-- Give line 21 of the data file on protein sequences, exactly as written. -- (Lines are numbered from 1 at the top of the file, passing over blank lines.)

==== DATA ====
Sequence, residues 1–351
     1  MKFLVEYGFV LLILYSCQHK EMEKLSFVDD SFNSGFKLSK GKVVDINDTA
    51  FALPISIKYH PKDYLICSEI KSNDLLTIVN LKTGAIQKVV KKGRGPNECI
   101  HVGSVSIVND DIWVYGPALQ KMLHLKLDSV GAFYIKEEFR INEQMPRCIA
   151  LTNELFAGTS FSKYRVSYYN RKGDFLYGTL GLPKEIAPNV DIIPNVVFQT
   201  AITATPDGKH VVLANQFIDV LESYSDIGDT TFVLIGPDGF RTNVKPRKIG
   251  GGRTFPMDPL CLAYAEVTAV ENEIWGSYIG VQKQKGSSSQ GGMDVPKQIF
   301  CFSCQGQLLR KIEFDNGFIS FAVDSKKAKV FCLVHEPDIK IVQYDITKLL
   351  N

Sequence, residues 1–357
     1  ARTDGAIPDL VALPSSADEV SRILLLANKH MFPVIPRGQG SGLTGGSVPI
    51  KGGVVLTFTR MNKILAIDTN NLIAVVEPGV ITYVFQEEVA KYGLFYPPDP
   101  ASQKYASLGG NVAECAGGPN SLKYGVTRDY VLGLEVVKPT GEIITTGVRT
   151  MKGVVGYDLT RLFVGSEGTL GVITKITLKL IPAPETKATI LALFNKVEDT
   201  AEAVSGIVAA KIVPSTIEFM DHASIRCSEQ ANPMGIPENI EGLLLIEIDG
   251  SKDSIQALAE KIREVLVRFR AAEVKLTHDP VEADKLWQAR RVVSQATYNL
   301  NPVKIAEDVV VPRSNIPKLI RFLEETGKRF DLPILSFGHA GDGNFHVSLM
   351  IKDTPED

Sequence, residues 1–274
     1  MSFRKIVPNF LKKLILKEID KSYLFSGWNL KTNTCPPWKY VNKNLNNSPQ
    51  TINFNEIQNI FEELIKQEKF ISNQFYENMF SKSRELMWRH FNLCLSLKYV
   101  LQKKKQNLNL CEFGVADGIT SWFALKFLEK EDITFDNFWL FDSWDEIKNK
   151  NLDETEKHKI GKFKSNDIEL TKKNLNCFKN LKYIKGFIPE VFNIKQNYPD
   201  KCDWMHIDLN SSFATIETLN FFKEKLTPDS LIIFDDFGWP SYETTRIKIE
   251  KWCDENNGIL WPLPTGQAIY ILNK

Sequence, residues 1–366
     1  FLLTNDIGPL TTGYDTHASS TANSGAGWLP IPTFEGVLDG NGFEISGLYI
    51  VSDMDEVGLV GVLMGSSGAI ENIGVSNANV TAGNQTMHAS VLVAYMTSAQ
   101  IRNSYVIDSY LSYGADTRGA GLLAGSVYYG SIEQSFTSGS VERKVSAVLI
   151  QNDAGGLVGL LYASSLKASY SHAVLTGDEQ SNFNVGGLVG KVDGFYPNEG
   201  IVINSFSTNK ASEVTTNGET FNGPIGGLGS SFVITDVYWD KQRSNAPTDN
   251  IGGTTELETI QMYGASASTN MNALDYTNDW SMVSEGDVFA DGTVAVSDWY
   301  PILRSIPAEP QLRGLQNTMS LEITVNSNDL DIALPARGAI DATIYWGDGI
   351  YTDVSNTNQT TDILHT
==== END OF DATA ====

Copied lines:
    51  TINFNEIQNI FEELIKQEKF ISNQFYENMF SKSRELMWRH FNLCLSLKYV